Big surf from Hector pounds Oahu's south shores, keeps lifeguards busy
Ocean Safety reported that as of 4:15 p.m., 29 people had been rescued off Ala Moana, and 63 rescues were made in waters off Waikiki.
Hurricane Hector continues to pass south of Hawaii, rolling in big surf and hazardous conditions.
The big swell generated by Hector kept lifeguards on Oahu's south shores busy on Thursday. As of 4:15 p.m., Ocean Safety reported that 29 people had been rescued off Ala Moana and 63 rescues were made in waters off Waikiki. Those rescues included a 16-year old girl in Waikiki who was playing in the surf when she was hit by a wave and experienced trouble breathing. She was transported to a nearby hospital in serious condition.
Two additional rescues were made off east Oahu at Sandy's Beach. In addition, more than 1200 preventative actions were also reported. 'Preventative actions' are warnings given to prevent people from getting into trouble. Lifeguards worked overtime to ensure beach goers safety on south shores.
"With Hurricane Hector, I knew there was going to be some waves out here. It was suppose to bring a swell," surfer Ryan Ohira said. "I live on the other side of the island and my grandma lives out here, so I slept over last night just so I can check out the waves. I was getting tossed around .. but it was good fun."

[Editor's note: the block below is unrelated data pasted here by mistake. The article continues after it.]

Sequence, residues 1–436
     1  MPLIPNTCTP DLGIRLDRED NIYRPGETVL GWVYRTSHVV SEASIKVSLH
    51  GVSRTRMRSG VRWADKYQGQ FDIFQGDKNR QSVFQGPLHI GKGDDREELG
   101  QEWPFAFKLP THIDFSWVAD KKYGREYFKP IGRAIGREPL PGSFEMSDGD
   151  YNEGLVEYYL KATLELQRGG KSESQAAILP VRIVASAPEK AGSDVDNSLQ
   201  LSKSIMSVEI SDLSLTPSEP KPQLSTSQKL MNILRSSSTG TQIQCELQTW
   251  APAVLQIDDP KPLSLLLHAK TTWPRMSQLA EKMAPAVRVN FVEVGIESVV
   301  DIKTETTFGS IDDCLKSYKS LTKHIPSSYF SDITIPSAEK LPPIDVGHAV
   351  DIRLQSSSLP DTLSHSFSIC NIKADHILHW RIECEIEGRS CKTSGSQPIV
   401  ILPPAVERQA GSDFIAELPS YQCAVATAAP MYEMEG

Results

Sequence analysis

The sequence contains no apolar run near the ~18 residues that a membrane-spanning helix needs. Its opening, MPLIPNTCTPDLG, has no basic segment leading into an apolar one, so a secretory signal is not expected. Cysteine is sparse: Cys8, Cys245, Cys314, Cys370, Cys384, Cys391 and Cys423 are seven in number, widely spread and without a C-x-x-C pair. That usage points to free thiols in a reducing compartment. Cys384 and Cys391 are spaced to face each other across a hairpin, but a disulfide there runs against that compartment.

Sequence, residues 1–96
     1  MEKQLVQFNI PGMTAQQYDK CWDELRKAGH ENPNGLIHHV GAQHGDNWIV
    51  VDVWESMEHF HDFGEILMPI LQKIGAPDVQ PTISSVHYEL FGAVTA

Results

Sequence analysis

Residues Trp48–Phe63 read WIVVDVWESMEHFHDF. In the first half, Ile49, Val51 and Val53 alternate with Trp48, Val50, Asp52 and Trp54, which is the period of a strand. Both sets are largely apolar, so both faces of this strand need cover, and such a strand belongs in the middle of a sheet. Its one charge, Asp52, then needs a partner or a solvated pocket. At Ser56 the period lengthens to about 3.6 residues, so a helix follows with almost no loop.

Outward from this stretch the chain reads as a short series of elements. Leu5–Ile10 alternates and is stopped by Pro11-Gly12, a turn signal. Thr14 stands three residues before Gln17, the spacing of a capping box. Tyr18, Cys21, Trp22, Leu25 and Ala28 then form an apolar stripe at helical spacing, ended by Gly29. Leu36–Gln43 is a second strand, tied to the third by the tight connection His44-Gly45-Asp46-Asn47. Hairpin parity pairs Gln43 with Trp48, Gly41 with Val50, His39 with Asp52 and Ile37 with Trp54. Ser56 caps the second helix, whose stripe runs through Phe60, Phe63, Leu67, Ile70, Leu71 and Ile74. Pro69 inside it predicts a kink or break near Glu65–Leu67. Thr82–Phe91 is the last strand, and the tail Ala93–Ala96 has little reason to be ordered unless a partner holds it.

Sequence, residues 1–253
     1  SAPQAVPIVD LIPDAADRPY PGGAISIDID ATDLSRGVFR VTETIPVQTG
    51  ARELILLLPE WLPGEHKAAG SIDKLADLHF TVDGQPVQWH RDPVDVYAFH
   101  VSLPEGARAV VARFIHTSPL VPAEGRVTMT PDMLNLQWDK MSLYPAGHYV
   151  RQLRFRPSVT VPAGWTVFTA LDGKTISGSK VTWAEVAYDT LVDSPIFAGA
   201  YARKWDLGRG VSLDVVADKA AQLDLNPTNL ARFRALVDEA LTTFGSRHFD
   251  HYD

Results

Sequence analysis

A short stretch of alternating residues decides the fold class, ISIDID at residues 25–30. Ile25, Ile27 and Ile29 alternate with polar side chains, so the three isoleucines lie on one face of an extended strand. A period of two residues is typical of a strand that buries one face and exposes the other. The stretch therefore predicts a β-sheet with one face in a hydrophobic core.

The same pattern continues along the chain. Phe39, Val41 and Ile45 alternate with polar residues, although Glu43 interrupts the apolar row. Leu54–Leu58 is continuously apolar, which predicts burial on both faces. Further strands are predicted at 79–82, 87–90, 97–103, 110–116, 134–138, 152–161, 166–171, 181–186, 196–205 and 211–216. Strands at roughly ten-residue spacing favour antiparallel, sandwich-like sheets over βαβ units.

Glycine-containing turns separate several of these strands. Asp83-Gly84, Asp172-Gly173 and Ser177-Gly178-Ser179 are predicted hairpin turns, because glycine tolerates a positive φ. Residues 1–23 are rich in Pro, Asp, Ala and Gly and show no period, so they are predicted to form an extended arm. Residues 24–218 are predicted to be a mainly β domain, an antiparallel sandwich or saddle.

With the large swell, Ocean Safety urges only experienced watermen and women with knowledge of strong currents enter the ocean.
A high surf advisory is in effect for south facing shores of Kauai, Molokai, Lanai and Oahu until 6 a.m. on Friday. Surf along Oahu's south shores was expected to reach 8 to 12 feet on Thursday. Although, a National Weather Service alert reports surf will decrease overnight and then drop to 4 to 6 feet on Friday.
In addition to the big swell, the highest astronomical tides of the year-- King Tides-- rolled in causing some coastal flooding in Mapunpuna. Another King Tide event is expected to roll in just before 4 p.m. on Friday on Oahu's south shore.
The UH Sea Grant College Program is asking for the public's help in documenting the impacts from sea-level rise and other coastal hazards, by safely snapping a photo along the coast of the tides and submitting it to the Hawaii and Pacific Islands King Tides Project at http://pacificislandskingtides.org/.